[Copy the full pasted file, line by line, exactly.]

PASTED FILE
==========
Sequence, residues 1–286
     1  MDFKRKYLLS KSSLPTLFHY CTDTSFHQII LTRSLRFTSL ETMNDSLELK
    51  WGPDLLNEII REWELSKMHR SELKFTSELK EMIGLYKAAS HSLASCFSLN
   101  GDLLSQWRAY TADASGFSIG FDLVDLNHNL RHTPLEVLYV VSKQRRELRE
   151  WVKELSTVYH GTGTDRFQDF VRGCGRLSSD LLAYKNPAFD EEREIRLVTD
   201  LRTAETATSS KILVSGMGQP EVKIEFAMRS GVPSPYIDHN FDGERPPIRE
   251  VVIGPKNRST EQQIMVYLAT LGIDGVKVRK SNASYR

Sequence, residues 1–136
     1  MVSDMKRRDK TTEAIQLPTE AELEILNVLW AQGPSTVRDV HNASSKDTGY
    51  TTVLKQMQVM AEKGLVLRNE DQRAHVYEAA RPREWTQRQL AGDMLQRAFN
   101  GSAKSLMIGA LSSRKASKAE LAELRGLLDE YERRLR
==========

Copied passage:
Sequence, residues 1–286
     1  MDFKRKYLLS KSSLPTLFHY CTDTSFHQII LTRSLRFTSL ETMNDSLELK
    51  WGPDLLNEII REWELSKMHR SELKFTSELK EMIGLYKAAS HSLASCFSLN
   101  GDLLSQWRAY TADASGFSIG FDLVDLNHNL RHTPLEVLYV VSKQRRELRE
   151  WVKELSTVYH GTGTDRFQDF VRGCGRLSSD LLAYKNPAFD EEREIRLVTD
   201  LRTAETATSS KILVSGMGQP EVKIEFAMRS GVPSPYIDHN FDGERPPIRE
   251  VVIGPKNRST EQQIMVYLAT LGIDGVKVRK SNASYR

Sequence, residues 1–136
     1  MVSDMKRRDK TTEAIQLPTE AELEILNVLW AQGPSTVRDV HNASSKDTGY
    51  TTVLKQMQVM AEKGLVLRNE DQRAHVYEAA RPREWTQRQL AGDMLQRAFN
   101  GSAKSLMIGA LSSRKASKAE LAELRGLLDE YERRLR